For guests staying in the Overnight Observation Field, it is a courtesy between park guests, and a general rule, for RVs and trailers to park at outer sites within the observation field. This will help not to obstruct any views. Within the park's campground, there are certain sites marked "tent only" on the campground map to help you identify which are available to your rig, and those that are not. Once parked here, it is only a short walk to get to the public viewing area as well as nearby trails.
Cherry Springs State Park hosts a rustic campground with 30 sites that are available for reservation. While reservations are not required for all sites, coming with a rig means you are going to want to be sure you will have adequate space to park it. With only 30 sites, it is a good idea not to rely on the few first-come, first-served spots. This is a popular destination during peak seasons of May through September, when families and astronomy enthusiasts flock to the fields to get a good view of the night sky. Tucked away, far up in the Pennsylvania woods, the campgrounds are quiet and serene. There is not much by way of attractions out here, meaning the people who are here often share the same goal - to enjoy nature at its finest.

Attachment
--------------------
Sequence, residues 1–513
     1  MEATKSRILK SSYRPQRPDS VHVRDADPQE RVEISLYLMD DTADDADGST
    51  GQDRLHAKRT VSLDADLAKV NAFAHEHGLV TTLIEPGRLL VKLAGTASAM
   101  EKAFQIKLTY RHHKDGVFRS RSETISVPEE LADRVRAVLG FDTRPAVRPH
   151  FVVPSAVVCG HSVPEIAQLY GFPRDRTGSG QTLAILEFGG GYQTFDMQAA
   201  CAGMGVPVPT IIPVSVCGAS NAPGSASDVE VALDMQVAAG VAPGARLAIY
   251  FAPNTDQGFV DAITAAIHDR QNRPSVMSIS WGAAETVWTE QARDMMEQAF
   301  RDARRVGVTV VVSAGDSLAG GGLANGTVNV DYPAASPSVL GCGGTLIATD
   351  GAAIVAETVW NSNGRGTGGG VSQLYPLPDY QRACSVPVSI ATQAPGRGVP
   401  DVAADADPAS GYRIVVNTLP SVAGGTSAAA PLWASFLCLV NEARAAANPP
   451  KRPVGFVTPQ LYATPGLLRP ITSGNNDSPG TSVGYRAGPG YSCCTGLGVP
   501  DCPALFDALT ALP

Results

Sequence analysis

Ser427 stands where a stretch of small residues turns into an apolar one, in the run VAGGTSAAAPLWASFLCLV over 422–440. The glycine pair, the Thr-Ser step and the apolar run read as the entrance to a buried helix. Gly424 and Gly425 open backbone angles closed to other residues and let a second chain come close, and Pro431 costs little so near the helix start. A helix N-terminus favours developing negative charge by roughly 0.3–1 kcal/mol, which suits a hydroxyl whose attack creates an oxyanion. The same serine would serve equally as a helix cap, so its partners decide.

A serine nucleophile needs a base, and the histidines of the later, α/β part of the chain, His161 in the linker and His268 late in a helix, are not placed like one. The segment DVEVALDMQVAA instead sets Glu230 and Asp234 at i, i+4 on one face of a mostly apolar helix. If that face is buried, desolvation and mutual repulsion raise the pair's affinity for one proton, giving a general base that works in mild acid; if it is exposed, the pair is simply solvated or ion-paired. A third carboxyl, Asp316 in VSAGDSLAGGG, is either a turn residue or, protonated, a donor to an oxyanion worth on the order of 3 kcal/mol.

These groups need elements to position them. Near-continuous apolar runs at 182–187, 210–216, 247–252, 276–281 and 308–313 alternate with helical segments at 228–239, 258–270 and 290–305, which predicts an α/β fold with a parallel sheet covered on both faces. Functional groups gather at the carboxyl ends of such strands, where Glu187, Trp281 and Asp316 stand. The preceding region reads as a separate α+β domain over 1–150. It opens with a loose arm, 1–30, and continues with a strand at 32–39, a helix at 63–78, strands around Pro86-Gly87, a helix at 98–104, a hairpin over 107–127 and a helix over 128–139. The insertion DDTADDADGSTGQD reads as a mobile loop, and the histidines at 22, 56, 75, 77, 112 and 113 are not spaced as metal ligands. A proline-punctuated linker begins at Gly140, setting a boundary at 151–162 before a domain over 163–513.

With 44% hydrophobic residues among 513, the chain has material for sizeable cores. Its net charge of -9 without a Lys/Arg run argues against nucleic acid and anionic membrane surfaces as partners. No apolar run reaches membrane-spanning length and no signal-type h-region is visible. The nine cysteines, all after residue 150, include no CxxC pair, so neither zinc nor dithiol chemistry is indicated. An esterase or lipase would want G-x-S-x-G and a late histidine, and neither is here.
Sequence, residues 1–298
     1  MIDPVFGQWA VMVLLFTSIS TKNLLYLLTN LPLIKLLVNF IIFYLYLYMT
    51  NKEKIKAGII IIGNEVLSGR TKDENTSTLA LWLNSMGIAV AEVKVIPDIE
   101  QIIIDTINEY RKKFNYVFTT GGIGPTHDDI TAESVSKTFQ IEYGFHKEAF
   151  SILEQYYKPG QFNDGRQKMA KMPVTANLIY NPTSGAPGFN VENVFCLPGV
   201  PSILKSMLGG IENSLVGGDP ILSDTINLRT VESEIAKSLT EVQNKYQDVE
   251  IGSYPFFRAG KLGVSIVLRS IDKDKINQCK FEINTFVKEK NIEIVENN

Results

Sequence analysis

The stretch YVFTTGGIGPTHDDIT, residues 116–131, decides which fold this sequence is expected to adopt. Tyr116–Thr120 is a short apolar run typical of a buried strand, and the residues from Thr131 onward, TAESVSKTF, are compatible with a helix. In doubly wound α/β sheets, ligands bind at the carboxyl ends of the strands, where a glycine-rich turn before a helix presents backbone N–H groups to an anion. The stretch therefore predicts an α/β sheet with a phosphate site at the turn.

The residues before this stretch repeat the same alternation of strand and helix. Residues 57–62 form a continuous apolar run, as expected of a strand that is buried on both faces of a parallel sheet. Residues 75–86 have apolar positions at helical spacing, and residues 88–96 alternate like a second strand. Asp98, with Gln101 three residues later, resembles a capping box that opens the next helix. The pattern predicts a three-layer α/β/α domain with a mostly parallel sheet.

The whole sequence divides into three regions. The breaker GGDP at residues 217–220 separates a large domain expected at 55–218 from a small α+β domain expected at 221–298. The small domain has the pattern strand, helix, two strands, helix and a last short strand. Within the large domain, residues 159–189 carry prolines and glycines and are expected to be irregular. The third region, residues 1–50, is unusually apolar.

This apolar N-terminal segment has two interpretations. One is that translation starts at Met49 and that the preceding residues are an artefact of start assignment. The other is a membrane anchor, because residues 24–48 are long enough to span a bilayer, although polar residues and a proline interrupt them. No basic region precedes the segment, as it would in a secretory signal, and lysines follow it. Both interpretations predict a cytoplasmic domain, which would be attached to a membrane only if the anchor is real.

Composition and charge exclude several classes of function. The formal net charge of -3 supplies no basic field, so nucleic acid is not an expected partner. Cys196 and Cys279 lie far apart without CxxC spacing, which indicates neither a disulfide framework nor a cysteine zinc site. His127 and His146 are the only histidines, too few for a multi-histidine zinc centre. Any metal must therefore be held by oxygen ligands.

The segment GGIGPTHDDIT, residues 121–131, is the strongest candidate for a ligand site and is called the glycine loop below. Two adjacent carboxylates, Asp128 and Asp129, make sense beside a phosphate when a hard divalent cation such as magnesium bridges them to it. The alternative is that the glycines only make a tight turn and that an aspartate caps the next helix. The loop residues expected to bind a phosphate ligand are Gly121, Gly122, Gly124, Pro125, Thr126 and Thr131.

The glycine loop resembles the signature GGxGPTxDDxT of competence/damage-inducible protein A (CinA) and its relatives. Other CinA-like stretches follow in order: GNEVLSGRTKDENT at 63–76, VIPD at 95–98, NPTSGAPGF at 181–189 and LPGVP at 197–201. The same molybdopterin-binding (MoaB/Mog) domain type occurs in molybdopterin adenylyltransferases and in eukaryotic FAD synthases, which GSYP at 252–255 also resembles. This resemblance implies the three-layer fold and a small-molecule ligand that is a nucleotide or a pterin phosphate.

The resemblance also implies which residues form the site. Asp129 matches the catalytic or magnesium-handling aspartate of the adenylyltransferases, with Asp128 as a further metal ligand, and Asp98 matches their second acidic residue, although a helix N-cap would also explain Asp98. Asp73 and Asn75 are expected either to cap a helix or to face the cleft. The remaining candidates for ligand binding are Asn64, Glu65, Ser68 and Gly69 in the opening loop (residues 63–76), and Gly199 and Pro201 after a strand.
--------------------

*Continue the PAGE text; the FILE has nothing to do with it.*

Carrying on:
Rustic means you will not have any hookups for water, electric, or sewer. However, all sites include a fire ring, picnic table, and a lantern hanger, and you can find several potable water spigots and vault toilets around the park. There is also a dump station to drop by on your way out. All roads through the campgrounds are marked as one way and you can expect a bumpier ride, as the paths are not paved. However, roads are still level and easy to navigate. While a popular destination for all sorts of folk of Pennsylvania and beyond, the campground does not allow for furry additions to the family to join in on the fun. In short - pets are not allowed.
A nightly fee permit is required in order to set up camp on the Overnight Astronomy Observation Field. Fee envelopes are found at the Registration Kiosk, near the entrance to the field. Simply follow all provided instructions, adhere to the posted fee schedule, and list your location on the field so that you can be located in the event of an emergency. When traveling with a rig or trailer, you can expect to be parking along the outer rim of the field. This is a courtesy to other observers, so as not to take up viewing space.